OAKLAND — A plan to bring a new ambulance service to Alameda County is causing a debate that's getting noisier than blaring sirens.

County supervisors are set to vote this month on a committee's recommendation that they enter contract negotiations with Texas-based Paramedics Plus. The recommendation follows a recent open bidding process.

If awarded a contract, Paramedics Plus would replace American Medical Response, which has been operating in Alameda County for nearly 40 years under its current name or previous incarnations.

The selection process, however, has prompted questions about which government records should be made public and which should remain confidential.

Last month, the county's health care services agency released the selection committee's final scoring, indicating that Paramedics Plus had submitted a lower bid than American Medical on a contract.

But American Medical officials protested, contending that Paramedics Plus had underbid. American filed a Public Records Act request to review documents associated with the bidding, including Paramedics Plus's proposal and the committee's scoring sheets.

County officials denied the request, citing a 2006 state Supreme Court ruling that gave agencies the right to withhold bidding information if the disclosure could hinder contract negotiations with the winning bidder.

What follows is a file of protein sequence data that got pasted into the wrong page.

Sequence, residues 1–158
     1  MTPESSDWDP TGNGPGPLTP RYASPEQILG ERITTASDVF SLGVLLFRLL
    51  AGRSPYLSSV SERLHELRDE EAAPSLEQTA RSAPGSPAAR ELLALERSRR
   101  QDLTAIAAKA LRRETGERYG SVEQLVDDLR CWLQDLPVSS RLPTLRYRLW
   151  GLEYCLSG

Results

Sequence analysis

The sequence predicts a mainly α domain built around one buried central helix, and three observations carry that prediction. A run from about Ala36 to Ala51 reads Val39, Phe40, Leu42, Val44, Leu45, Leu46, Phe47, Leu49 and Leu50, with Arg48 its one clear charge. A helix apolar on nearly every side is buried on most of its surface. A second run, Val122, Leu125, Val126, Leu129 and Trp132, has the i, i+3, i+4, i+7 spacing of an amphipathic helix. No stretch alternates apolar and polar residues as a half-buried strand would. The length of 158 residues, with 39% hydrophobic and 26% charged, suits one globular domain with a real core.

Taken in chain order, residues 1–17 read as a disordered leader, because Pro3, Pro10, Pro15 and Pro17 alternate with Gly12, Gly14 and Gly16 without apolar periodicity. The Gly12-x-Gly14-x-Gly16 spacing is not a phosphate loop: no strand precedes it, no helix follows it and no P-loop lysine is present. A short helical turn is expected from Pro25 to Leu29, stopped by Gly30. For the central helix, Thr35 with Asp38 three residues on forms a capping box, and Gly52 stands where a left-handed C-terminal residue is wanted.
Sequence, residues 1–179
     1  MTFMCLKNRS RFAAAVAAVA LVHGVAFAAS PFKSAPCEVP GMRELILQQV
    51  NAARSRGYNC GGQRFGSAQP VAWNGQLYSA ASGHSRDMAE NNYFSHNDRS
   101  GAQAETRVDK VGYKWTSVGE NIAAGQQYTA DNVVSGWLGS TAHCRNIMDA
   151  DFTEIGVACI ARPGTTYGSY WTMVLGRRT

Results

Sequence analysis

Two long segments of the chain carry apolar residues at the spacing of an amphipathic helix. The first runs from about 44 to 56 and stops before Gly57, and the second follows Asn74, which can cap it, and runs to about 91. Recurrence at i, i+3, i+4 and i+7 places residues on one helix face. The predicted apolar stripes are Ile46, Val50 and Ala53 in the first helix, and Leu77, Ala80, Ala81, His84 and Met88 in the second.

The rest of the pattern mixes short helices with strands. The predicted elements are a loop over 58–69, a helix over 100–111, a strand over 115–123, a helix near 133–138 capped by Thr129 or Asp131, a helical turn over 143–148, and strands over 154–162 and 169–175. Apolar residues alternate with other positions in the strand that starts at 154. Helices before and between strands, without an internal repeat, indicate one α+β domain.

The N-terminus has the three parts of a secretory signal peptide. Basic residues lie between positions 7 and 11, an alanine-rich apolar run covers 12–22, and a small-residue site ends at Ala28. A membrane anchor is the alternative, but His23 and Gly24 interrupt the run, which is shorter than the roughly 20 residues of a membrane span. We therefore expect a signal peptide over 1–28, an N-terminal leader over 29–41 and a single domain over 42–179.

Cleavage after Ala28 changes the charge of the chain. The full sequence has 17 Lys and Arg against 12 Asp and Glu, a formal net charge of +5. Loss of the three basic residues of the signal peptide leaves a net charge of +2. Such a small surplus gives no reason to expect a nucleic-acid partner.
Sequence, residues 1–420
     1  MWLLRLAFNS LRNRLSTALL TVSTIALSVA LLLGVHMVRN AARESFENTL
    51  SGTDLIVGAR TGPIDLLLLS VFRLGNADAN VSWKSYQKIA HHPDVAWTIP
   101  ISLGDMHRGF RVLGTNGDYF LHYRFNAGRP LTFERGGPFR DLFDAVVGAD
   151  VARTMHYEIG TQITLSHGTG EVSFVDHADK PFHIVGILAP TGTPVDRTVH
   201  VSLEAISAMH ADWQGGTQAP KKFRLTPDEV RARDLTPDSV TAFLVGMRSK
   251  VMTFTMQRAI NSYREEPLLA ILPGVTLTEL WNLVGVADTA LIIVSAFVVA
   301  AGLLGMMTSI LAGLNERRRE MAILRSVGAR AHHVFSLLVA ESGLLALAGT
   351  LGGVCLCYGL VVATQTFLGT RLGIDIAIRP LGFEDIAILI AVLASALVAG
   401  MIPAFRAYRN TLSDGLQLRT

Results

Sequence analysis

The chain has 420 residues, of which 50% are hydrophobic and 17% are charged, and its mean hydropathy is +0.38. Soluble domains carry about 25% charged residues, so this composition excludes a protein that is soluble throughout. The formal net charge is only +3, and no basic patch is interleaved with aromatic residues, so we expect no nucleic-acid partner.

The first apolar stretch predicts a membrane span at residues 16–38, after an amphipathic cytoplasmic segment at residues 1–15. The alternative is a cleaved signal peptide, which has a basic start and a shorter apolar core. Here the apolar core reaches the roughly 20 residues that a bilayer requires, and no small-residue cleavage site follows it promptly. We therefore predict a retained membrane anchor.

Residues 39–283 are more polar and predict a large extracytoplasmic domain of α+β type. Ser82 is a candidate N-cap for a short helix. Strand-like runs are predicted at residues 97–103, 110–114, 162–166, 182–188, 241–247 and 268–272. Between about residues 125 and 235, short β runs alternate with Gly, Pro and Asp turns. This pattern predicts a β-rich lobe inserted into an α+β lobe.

The court stated that a government agency's ability to negotiate could be "hampered because the proposer's doubt as to what the competition is offering would be eliminated" — thus creating the potential for a higher cost to taxpayers.

County Counsel Richard Winnie said the bidding information will eventually be made public, but not until negotiations are complete and the contract is sent to the supervisors for final approval — as per the Supreme Court ruling.

However, the dispute has some critics — including some county officials — concerned that the public is being kept in the dark about negotiations for receiving a vital health service.

Alameda County Supervisor Gail Steele said she finds the secrecy aspect troubling, but added that she believes county staff knew of the intense competition for such a contract and "bent over backwards" to make sure all proper channels were followed.

"I have to believe they did their own due diligence," Steele said. "I do have faith in the process."

Other counties, however, have followed a different process. In 2004-05, Contra Costa County posted all bids for its ambulance service on a public Web site before it even began negotiating its contract.

"This isn't a contract for real estate or something along those lines," Contra Costa Supervisor John Gioia said. "The public receives these services. The public would want to know what went on."

Steele and the four other Alameda County supervisors are expected to vote April 27 on whether to authorize the start of negotiations with Paramedics Plus. But the supervisors will not be able to see the bids and score sheets until they are set to approve the actual contract — meaning the documents won't become public record until just days before the final action.